BELFAST — Kate McLeod creates. The Belfast resident created her own landscape design firm, Kate McLeod Design, in Belfast. McLeod also created a hotel in Nicaragua on the shore of a lagoon — inside a volcano. She recently opened an Airbnb at her design business on Belfast’s Patterson Mill Road. All these endeavors created employment opportunities for people in the communities served by her entrepreneurial energy.

McLeod has never held a job, outside of scooping ice cream in high school, that she hasn’t created for herself — and her creations are spectacular.

Dozens of the most breathtaking gardens in Midcoast Maine are the work of Kate McLeod Design. Her client list is extensive, loyal and extremely satisfied.

“We cannot recommend Kate highly enough,” said Rockport resident Anne Clark, “for her genuine love of gardening, her strong work ethic and enthusiasm. She goes out of her way to please her clients, sharing new plant discoveries and offering suggestions on how best to combine new colors and textures.”

The gardens designed and maintained by McLeod and her crew are often described as living art and provide regular stops for local garden tours.

“We make people’s lives more beautiful,” she said. “I love the process of creation, and I like to work.”

She comes by all of this naturally. Born in New Brunswick, McLeod said her parents were avid gardeners and much of her youth was spent “playing” in the gardens they kept and maintained. There she developed a sense of the annuals and perennials that work in a maritime environment and discovered her passion for the creative process.

McLeod attended art school at McGill and Concordia universities in Canada, where she studied art history and developed a social conscience. During a summer break she traveled to Guatemala.

“There was a war going on,” she said. “I went to see how I could be helpful.”

McLeod returned to college and followed that up with a stint at the New Brunswick College of Craft & Design before moving to Belfast in 1994.

By this time, McLeod had two young daughters, Eve and Sage, and spent time in her own garden with them while considering how to create her design business. She opened her design firm a few years later with an early client list almost exclusively from Camden and Rockport.

McLeod’s approach to her clients is consistent.

“I want to learn what they like, what they don’t like,” she explained. “What colors and textures appeal to them. I make my own suggestions, but it’s important to understand their vision.”

Window boxes are a specialty of Kate McLeod Design. Photo courtesy of Kate McLeod.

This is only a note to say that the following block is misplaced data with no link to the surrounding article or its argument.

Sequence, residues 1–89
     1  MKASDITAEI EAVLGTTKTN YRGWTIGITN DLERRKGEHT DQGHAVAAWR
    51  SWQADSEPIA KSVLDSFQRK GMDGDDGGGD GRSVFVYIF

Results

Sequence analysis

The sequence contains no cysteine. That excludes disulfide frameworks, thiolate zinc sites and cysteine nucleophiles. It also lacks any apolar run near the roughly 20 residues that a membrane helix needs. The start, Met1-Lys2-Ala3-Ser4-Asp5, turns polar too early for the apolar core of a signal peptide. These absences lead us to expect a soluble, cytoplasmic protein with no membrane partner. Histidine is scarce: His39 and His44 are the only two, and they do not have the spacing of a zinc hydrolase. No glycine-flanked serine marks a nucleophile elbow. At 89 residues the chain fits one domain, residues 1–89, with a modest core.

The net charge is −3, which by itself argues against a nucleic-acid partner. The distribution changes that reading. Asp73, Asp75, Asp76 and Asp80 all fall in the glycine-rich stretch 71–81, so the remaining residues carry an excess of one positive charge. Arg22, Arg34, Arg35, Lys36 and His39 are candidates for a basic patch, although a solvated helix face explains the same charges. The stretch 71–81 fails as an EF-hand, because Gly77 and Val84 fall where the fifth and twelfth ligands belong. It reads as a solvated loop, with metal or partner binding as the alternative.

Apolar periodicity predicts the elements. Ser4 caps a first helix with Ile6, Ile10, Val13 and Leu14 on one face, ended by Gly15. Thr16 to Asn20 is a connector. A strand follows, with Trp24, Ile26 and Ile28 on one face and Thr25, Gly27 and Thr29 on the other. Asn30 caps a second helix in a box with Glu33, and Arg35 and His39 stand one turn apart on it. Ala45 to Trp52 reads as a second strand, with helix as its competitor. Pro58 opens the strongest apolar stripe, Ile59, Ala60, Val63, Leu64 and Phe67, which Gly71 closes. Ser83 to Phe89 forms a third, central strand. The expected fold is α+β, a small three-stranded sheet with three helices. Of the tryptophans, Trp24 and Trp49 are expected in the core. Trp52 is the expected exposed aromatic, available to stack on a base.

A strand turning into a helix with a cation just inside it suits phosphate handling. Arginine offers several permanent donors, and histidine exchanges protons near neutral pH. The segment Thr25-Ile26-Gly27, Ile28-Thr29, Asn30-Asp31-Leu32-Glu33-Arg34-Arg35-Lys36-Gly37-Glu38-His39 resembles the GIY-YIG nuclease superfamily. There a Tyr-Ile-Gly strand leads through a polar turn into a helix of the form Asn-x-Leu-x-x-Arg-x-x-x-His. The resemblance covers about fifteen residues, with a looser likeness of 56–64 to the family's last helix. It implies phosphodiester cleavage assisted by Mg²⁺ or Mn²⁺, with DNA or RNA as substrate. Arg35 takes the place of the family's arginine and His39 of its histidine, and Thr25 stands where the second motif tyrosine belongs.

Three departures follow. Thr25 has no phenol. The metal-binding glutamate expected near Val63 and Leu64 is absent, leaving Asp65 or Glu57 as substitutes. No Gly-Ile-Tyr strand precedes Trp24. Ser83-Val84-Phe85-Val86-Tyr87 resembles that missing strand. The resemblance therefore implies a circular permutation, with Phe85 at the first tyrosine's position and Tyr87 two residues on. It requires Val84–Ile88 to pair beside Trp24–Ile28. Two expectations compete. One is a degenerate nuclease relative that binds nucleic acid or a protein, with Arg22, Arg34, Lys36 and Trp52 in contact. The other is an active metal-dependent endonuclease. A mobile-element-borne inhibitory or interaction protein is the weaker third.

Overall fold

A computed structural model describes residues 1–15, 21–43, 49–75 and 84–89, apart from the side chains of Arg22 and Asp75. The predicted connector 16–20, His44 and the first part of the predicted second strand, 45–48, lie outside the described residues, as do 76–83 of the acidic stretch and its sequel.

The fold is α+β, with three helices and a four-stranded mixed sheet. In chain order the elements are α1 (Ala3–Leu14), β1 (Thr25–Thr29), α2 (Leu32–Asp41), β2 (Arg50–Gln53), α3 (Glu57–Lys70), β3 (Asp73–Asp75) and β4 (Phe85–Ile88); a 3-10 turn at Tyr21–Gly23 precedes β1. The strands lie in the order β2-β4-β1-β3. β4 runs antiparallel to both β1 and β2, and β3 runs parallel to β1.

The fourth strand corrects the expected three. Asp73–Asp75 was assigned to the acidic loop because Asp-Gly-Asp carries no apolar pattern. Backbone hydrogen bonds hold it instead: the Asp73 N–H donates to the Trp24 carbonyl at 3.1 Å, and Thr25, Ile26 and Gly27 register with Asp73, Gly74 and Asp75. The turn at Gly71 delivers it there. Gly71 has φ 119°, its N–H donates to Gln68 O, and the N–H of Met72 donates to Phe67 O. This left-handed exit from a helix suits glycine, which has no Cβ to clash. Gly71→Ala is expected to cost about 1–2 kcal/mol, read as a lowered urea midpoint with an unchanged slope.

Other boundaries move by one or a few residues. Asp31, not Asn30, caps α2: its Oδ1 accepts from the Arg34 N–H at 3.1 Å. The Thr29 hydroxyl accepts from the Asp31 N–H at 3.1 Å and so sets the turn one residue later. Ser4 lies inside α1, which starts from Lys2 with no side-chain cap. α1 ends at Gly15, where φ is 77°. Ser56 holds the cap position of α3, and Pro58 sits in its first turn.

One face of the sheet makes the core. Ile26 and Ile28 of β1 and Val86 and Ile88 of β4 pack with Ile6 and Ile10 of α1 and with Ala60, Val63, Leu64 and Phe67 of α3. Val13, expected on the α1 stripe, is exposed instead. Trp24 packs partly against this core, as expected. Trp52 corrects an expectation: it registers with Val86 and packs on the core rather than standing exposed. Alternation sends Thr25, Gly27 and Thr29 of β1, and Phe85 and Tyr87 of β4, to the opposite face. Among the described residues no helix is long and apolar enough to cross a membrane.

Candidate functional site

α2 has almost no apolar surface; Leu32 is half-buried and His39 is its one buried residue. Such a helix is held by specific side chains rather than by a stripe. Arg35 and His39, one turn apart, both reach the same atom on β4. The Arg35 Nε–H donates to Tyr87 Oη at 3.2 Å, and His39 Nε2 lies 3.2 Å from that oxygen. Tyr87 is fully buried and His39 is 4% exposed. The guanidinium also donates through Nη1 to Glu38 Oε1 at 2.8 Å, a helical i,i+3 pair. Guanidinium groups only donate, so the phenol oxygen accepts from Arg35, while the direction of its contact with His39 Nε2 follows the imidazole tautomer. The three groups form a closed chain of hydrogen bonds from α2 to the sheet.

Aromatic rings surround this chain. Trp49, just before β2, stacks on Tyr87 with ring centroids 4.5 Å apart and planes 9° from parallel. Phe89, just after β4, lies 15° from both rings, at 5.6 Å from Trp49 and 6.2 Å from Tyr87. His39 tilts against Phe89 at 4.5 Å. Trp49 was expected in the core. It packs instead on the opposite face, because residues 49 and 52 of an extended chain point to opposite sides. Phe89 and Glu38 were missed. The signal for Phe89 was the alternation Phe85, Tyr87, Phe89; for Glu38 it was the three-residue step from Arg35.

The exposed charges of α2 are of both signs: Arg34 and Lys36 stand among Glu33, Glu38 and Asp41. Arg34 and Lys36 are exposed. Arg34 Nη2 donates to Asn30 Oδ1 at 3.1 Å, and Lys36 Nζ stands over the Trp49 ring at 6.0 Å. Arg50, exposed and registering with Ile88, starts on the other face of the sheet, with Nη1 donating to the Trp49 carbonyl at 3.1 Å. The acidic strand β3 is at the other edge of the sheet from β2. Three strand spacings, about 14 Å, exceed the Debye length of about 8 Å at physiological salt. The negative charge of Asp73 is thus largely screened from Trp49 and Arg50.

McLeod and her team will then learn about the land, soils, terrain, structures and surroundings to turn that vision into reality.

The next step is the work in creating that vision. While some gardens can be designed and installed within a season, most take a year to several years before they are complete. McLeod seeks to keep her gardens weed-free and her firm uses only organic materials during installation and maintenance. The make-up of any garden may change from year to year based on a client’s preference, or from McLeod’s suggestions.

“I love native plants,” she said, “but I also love tropicals and things that are a bit more exciting. We love to mix it up.

Gardens designed, installed and maintained by Kate McLeod have been referred to as living art. Photo courtesy of Kate McLeod.

With her daughters graduated, McLeod’s mind wandered south.

“I remembered how I always thought I’d have a hotel in Central America,” she said. “So I went to Nicaragua and started looking for a place to buy.”

McLeod and her late brother Harvey found and purchased Casa de las Aves, a hotel/retreat on the shore of Laguna de Apoyo in Nicaragua. The hotel sits 800 feet below the rim of the dormant Granada volcano.

“It’s magical,” McLeod said. “You can float on your back in the lagoon and look at the stars through the rim of the volcano.”

Kate McLeod’s hotel/retreat in Nicaragua is located beside a lagoon and inside the dormant Granada volcano. Photo courtesy of Kate McLeod.

McLeod spends much of the winter months at Casa de las Aves, gardening, and cooking for guests. The hotel/retreat has a staff of eight, all locals who otherwise might not find ways to support their families.

The five-room hotel is decorated with McLeod’s unique gardening touches, but she says its location alone is the draw.

“It’s ancient,” she said of the land surrounding Casa de las Aves. “It’s in a sleeping volcano with vents that warm the water to around 85 degrees. The dining room is only 100 feet from the beach.”

Casa de las Aves has become a place for McLeod to recharge through the winter as she prepares to head north and create living masterpieces throughout Midcoast Maine. While in Nicaragua, she works to improve the lives of her “southern” community. She recently led an effort to purchase mattresses for older women, most of whom have never slept on a mattress in their lives. She also adopts, and occasionally rehomes, Nicaraguan street dogs.

McLeod has recently added and Airbnb to her Belfast property on Patterson Mill Road, a property with a 3/4-acre garden. She dreams of hosting workshops in that garden in the near future.

“It would be for groups of, like, 20 people,” she said. “I’d like to use my garden as a home base. They could come and have a garden tour and hang out, drink tea, eat cake and enjoy a workshop.”

Given Kate McLeod’s track record, creating this latest vision might just be a piece of cake.